Devotional

“This is all the more urgent, for you know how late it is; time is running out. Wake up, for our salvation is nearer now than when we first believed.” – Romans 13:11. 

Whether we assign a dollar value to it or not, time is valuable to us. Think about it: How much of your time do you spend stressed about not having enough time to do what you need to do. We all want to get better at time management. There are lots of different ways to help us better manage our time – you can download apps, adjust your sleep time, create lists, etc. 

Some people have the mistaken idea that time management is all about cramming more stuff into an already overloaded schedule. But that is not good time management. Good time management is all about finding the right balance in all the different areas of life. When thinking of how we view time and time management, we should start with Jesus. 

Jesus uniquely maintained a balance between worship, prayer, family, friends, work and rest. Jesus regularly spent time in prayer and in studying the Scriptures. After a long evening of healing that extended after sunset we read that,  Mark 1:35 (ESV) says, “And rising very early in the morning, while it was still dark, he departed and went out to a desolate place, and there he prayed.” The more Jesus worked, the more He prayed. He recognized the need to spend time communing with God to refresh Himself.  Similarly He was immersed in the Word of God – so much so that when the Devil challenged Him in the wilderness, He answered using three passages from Deuteronomy.

Jesus fulfilled everything He set out to do, but the top priority is found in Luke 4:43.. After a busy day of healing and casting out demons, people pressed Him to stay, But He said, “I must preach the Good News of the Kingdom of God in other towns, too, because that is why I was sent.” Jesus also put a high priority on people. He spent a disproportionate amount of time with those who would carry on His ministry. Even so,  Jesus made time for individuals. In the midst of Jesus’ busy ministry, he did not let the urgent crowd out the important. The Gospel encounters are made up of a string of accounts of individuals whom Jesus paused with. He did not pause with everyone; He spoke only to one Samaritan at the well, only one rich young ruler, only one tax collector, but He found time for these individuals. As Christians, we should be managing our time because it is not ours. Just as we should think of our possessions and money as on loan to us from God, so is our time.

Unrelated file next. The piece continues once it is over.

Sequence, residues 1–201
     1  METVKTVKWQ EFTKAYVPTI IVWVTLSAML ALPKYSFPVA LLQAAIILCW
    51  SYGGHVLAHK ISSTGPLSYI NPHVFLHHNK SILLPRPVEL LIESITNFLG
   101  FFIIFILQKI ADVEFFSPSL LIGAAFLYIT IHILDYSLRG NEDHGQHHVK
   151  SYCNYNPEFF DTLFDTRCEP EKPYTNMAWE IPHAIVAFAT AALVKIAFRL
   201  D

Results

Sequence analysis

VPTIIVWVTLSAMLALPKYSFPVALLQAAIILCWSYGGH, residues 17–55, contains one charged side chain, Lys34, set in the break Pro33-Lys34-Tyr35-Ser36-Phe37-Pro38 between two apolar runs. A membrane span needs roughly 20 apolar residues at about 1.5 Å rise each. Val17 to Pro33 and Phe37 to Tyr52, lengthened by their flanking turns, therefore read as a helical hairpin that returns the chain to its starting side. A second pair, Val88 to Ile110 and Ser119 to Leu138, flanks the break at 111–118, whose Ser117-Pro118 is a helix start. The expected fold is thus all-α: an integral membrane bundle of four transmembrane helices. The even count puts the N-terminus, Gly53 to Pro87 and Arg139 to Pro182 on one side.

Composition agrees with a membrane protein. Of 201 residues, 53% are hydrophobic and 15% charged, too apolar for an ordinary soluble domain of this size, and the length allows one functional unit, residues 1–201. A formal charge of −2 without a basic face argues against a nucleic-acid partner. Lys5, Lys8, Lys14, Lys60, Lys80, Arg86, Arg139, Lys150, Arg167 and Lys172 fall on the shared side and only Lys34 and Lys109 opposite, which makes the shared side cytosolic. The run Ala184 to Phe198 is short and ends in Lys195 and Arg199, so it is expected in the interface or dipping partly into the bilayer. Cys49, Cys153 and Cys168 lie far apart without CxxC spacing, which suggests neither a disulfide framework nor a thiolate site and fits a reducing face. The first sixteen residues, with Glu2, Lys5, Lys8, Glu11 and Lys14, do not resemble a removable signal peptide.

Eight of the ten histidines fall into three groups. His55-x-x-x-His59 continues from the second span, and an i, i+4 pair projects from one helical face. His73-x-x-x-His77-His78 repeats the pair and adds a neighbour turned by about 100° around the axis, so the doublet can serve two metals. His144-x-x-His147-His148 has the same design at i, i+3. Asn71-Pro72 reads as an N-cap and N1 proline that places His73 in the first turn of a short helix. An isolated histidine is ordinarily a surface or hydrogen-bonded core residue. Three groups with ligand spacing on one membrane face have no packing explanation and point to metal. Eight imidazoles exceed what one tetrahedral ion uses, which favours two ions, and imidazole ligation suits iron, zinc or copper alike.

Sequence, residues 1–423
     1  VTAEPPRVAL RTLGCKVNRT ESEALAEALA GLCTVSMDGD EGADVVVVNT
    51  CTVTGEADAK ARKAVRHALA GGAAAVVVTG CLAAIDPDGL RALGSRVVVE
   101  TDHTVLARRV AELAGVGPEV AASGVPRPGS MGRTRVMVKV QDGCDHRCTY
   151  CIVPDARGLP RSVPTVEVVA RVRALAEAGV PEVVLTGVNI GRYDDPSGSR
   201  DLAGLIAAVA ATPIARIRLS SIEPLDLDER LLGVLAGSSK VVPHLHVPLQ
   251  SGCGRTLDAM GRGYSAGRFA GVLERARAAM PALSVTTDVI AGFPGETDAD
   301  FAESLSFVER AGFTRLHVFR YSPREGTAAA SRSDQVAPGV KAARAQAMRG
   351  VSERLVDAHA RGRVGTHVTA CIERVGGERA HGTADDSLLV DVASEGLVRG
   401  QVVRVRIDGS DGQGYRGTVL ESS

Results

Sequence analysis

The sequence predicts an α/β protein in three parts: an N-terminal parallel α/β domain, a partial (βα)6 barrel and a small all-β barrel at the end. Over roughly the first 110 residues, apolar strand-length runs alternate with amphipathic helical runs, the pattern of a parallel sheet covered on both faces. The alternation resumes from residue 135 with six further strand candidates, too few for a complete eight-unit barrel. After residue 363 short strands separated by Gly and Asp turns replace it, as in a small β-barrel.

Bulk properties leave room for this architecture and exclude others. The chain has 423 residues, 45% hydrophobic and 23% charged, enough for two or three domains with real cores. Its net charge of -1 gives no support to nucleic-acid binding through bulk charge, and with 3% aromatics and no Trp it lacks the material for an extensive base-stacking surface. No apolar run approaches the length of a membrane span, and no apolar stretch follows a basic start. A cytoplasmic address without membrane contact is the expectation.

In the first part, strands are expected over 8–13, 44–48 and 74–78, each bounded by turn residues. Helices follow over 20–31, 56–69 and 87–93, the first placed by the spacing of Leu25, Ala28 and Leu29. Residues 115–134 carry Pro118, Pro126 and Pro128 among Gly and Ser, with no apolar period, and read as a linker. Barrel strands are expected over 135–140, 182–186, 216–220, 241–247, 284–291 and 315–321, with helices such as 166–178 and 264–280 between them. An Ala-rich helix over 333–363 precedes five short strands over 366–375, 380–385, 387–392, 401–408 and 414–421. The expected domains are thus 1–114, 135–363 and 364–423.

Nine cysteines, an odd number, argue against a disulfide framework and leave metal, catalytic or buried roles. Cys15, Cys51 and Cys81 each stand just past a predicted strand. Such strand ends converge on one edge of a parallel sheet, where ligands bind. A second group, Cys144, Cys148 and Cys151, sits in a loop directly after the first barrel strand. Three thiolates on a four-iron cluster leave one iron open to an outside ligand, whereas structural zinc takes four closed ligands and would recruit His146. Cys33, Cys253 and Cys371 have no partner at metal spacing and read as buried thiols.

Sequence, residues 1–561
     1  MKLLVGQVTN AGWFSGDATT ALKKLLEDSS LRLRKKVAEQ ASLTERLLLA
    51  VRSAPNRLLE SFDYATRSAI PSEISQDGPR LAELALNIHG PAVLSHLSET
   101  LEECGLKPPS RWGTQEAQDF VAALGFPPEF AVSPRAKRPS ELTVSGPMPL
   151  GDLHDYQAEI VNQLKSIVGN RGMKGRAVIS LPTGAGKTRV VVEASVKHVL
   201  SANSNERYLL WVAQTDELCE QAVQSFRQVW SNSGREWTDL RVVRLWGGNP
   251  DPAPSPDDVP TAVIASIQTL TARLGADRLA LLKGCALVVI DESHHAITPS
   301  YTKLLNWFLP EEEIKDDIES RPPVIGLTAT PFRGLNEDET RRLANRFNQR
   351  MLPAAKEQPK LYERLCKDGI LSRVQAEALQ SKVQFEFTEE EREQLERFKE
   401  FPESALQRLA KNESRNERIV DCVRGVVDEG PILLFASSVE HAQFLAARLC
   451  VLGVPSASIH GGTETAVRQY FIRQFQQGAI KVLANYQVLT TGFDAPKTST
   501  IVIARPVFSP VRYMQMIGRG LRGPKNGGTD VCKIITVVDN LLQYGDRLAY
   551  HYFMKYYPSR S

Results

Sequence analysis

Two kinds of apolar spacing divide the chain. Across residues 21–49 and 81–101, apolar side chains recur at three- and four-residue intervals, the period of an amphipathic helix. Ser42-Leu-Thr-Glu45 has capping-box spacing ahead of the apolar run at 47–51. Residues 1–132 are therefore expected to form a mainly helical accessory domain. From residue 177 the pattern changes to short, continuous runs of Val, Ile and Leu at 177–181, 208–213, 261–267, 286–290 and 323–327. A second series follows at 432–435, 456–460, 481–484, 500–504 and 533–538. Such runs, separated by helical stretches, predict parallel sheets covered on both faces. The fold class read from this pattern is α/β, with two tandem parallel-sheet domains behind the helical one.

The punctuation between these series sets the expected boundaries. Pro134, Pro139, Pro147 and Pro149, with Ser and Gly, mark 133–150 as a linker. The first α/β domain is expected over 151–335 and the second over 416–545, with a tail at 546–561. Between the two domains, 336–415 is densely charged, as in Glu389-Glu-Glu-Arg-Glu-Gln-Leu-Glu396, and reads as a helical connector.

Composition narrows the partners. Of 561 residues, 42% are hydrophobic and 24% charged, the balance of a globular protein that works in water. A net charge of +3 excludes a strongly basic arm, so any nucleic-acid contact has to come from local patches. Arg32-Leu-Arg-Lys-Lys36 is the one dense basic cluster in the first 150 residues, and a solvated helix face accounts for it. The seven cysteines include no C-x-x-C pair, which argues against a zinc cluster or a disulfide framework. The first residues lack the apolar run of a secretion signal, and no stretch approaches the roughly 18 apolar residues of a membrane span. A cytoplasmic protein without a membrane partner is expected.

We also need to remember that our time is limited. We have been given a certain amount of time here on earth for our lifetime. When we rightly view all time as belonging to God, then we see how we fill that time in a different light. Remember that no one gets it all done, we only have to do the things God wants us to do—no more and no less.

Discussion Questions:

  1. If your time belongs to God, ask yourself these two questions: (1) What will be the result of this activity in five years? (2) What will be the result of this activity in eternity?